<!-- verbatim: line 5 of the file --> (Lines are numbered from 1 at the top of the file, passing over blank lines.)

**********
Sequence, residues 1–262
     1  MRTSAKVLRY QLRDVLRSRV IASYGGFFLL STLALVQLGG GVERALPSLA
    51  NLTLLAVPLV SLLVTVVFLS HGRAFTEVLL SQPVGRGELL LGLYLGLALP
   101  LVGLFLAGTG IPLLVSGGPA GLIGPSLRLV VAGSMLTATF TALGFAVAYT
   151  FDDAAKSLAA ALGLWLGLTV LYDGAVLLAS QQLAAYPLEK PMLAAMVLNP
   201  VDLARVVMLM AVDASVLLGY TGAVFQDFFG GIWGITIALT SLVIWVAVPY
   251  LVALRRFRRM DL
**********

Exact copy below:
   151  FDDAAKSLAA ALGLWLGLTV LYDGAVLLAS QQLAAYPLEK PMLAAMVLNP